Ambulatory blood pressure patterns in children with chronic kidney disease

Joshua Samuels, Derek Ng, Joseph T. Flynn, Mark Mitsnefes, Tim Poffenbarger, Bradley A. Warady, Susan Furth

Research output: Contribution to journalArticle

Abstract

Ambulatory blood pressure (BP) monitoring (ABPM) is the best method of detecting abnormal BP in patients with chronic kidney disease (CKD), whose hypertension may be missed with casual BP measurements. We report ABPM findings in 332 children 1 year after entry in the Chronic Kidney Disease in Children cohort study. All of the subjects underwent casual and ambulatory BP measurement. BP was categorized based on casual and ABPM results into normal (42%), white-coat (4%), masked (35%), and ambulatory (14%) hypertension. Only half of the subjects had a normal ABPM. BP load was elevated (>25%) in 52% (n=172), whereas mean BP was elevated in 32% (n=105). In multivariate analysis, those using an angiotensin-converting enzyme inhibitor were 89% more likely to have a normal ABPM than those who did not report using an angiotensin-converting enzyme inhibitor (odds ratio, 1.89 [95% CI, 1.17-3.04]). For every 20% faster decline in annualized glomerular filtration rate change, the odds of an abnormal ABPM increased 26% (odds ratio, 1.26 [95% CI, 0.97-1.64]). A 2.25-fold increase in urine protein:creatinine ratio annualized change was associated with a 39% higher odds of an abnormal ABPM (odds ratio, 1.39 [95% CI, 1.06-1.82]). Abnormalities on ABPM are common in children with chronic kidney disease and are strongly associated with known risk factors for end-stage renal disease. Individuals on angiotensin-converting enzyme inhibitors were less likely to have abnormal ABPM, suggesting a possible therapeutic intervention. ABPM should be used to monitor risk and guide therapy in children with chronic kidney disease.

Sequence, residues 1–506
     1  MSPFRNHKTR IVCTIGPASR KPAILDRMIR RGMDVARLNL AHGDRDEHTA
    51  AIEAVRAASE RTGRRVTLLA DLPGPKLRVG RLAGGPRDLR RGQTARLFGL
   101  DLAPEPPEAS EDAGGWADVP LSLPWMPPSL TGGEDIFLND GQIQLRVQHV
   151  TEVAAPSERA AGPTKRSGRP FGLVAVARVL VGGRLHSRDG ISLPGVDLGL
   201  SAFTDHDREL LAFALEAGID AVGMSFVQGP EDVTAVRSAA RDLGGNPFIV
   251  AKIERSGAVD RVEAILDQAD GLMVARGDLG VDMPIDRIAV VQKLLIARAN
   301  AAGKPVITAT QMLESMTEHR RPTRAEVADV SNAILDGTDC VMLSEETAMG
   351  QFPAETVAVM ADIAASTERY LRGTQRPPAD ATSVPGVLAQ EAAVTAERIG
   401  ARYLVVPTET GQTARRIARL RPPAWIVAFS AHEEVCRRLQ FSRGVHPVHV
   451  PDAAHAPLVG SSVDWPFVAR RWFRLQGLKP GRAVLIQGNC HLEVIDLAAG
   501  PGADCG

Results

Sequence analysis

Original languageEnglish (US)
Pages (from-to)43-50
Number of pages8
JournalHypertension
Volume60
Issue number1
DOIs
StatePublished - Jul 1 2012

Keywords

  • Ambulatory blood pressure
  • Blood pressure measurement/monitoring
  • Chronic kidney disease
  • Epidemiology
  • Pediatric
  • Proteinuria

ASJC Scopus subject areas

  • Internal Medicine

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  • Cite this

    Samuels, J., Ng, D., Flynn, J. T., Mitsnefes, M., Poffenbarger, T., Warady, B. A., & Furth, S. (2012). Ambulatory blood pressure patterns in children with chronic kidney disease. Hypertension, 60(1), 43-50. https://doi.org/10.1161/HYPERTENSIONAHA.111.189266